NORTH COAST – While many local grape growers have taken a huge hit this year with problematic weather impacting the harvest, the industry as a whole may have benefited from the smaller harvest, said Rob McMillian, founder of the premium wine division at Silicon Valley Bank.
“Is it bad? That is a local question. If you lost your zinfandel, it is bad,” he said. “But, this is the equitable way to smooth out the bulge. For the industry today, it is not such a bad thing to have a short harvest. It gets us that much closer to balancing supply and demand.”
He said with the large overhang of inventory, this year will level things out.
“When the market crashed, distributors started cutting out all small producers,” he said.
But when the distributors can’t get what they are looking for, prices will firm up.
Nonetheless, lenders said it remains a challenging environment for growers and wineries to obtain financing.
“My experience dates back to the ‘70s in lending to the wine industry when banks were chasing the industry,” said Brian Kelly, president and chief executive officer of Charter Oak Bank in Napa. “Ag land seems to be coming back in value, but the cash flow is just not there due to the grape crop. Prices are not at a premium, and that is not helpful … either.”
Mr. McMillian said that if you have an estate and your yields are off 20 percent, it still costs the same to produce it but your cost per ton goes up.
“And you can’t necessarily get more from your bank. Then the higher priced tons have to get sold and it squishes your profitability,” he said.
If a grower or winery is cash flow negative, it will have a hard time getting a loan through a bank, he said.
“But if you talk about the negatives of cash flow being tight, you have to talk about the positives, too,” he said.
He said there will be even more direct-to-consumer sales, and wineries will have to shore up their customer relationship management tools. He said there are methodical metrics about who your top 20 buyers are, where they live, how often you talk to them and what they buy.
“You track your success rate of the promotional campaign. That stuff is out there, though there is no one that is truly an expert at that. Social media and CRM has not been working together long enough for there to be experts.”
Also, he said, for wineries and vineyards that are doing OK, picking up a brand or a certain property they have wanted, now may be a time when they can get it.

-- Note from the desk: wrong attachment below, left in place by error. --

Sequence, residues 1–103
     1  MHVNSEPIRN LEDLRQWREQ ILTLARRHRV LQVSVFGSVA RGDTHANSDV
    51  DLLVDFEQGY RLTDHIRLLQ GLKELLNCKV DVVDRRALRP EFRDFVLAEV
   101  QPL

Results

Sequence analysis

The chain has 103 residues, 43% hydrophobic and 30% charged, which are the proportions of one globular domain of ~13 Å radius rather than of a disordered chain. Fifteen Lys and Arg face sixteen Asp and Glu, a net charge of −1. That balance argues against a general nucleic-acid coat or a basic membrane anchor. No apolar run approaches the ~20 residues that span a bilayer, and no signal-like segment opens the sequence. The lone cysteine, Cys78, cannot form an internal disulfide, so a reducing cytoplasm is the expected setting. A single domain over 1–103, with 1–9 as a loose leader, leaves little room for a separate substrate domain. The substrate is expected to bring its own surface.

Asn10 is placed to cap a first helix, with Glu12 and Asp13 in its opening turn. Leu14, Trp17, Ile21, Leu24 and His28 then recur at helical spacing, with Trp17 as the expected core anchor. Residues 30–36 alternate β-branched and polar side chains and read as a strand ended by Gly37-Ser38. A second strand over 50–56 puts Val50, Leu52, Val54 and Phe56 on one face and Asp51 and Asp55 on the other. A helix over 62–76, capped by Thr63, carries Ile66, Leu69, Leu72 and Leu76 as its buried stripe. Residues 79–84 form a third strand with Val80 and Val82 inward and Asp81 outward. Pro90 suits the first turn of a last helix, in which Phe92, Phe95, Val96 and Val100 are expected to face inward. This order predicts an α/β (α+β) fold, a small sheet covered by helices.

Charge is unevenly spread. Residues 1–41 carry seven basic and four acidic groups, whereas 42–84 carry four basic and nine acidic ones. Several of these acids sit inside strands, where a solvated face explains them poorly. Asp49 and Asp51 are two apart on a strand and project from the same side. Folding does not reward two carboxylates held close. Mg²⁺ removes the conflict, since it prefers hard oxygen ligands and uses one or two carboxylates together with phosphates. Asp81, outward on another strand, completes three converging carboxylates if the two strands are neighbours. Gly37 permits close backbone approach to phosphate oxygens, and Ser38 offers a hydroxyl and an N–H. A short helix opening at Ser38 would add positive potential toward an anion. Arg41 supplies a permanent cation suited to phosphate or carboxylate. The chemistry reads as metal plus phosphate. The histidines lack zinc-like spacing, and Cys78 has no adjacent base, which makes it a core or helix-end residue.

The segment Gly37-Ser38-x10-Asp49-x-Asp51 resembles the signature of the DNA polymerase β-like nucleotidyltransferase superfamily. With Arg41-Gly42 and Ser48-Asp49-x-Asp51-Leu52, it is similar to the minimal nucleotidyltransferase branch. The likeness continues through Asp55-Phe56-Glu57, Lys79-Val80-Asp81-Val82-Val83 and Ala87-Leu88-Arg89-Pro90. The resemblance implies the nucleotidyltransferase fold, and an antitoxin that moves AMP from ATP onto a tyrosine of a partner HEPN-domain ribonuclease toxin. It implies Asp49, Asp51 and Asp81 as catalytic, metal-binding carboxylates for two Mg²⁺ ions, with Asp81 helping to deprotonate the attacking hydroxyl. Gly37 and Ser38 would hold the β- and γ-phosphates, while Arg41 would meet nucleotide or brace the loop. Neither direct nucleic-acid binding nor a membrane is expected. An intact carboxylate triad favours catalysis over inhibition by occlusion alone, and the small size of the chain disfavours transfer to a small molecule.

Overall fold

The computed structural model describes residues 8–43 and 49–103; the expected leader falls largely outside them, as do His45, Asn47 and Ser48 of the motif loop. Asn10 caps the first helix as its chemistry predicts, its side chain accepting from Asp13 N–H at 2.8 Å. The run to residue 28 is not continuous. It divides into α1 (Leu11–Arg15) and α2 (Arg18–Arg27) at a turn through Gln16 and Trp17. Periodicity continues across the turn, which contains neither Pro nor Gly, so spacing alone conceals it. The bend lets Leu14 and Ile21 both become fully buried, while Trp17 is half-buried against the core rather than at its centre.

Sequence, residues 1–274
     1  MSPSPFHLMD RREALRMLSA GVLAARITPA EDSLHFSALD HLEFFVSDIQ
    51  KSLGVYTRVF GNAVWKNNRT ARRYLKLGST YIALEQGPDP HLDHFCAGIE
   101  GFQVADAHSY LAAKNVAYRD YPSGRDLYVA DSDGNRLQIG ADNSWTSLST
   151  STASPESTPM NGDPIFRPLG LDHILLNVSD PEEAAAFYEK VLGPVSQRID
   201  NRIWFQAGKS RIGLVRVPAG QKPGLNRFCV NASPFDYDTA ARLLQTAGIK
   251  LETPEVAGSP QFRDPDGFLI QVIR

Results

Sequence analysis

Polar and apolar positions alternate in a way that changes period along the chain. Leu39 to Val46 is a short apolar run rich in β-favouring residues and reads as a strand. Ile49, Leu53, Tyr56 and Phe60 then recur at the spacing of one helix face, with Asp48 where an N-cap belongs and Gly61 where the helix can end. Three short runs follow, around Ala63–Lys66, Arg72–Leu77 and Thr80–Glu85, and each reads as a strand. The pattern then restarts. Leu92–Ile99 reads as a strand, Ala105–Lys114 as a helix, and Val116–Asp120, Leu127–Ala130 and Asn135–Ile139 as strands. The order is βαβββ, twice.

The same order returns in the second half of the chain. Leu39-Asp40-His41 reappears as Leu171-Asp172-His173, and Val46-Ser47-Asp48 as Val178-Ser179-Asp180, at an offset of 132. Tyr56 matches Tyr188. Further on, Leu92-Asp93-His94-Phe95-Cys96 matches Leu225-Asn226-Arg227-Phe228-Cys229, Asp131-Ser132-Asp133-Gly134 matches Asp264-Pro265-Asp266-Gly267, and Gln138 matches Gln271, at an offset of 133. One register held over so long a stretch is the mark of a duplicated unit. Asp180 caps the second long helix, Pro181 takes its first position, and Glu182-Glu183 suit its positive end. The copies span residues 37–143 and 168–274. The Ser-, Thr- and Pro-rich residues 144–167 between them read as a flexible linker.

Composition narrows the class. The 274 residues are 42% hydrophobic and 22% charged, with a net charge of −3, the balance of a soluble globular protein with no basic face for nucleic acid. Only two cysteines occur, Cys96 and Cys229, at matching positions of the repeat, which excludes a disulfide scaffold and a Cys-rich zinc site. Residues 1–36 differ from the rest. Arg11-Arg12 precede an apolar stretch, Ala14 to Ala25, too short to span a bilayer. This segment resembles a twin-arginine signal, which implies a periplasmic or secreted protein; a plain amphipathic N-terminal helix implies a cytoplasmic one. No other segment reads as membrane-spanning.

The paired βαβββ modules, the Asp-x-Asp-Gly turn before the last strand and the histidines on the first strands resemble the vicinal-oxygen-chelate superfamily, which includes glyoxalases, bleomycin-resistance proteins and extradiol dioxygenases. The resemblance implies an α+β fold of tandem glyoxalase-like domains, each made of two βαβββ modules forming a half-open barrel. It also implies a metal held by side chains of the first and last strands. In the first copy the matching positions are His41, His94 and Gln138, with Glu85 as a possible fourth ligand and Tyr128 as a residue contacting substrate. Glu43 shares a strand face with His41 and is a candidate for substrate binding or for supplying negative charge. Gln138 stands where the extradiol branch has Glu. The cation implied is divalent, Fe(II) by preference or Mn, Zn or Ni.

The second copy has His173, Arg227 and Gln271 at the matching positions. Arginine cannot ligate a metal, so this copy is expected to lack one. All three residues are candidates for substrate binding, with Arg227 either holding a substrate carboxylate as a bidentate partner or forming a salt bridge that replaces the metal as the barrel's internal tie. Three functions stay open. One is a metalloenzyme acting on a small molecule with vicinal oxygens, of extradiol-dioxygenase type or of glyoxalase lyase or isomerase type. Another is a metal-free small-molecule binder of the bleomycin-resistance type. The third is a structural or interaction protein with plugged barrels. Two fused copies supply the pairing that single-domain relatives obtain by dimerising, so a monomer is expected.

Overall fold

He said about 7 percent of the wineries say they are hurting.
“I wouldn’t expect all those to trade, but maybe cut that in half is a reasonable estimate of brands that may already have or will change hands,” he said.
In the North Coast that would be about 30 wineries.
There are many transactions being made in the area, however, and not all are being done through traditional lenders.
Zepponi & Company is a one-year-old company that provides transaction advisory services to the wine industry. It just announced that in the past 12 months it has helped close more than $100 million in deals.
What they are seeing are a lot of deals financed with a combination of equity from the acquiring party and debt financing provided by an outside lending institution like a bank.
“In some instances, the seller also provided financing via a short-term note. The debt financing provided typically ranged from 50 percent to over 75 percent of the transaction value in the deals that we advised on this year,” Matt Franklin, one of the three partners, said.
He also said the activity level has picked up for buyers a lot in the last year.
“A year ago we were aggressively going out and trying to find buyers, now they are coming to us,” he said. “If you find an asset that you like, this is likely a good time to get into it.”
He said they are expecting transaction activity to speed up through the end of the year.
“We think given the challenges of the harvest, that transaction will pick up,” he said.
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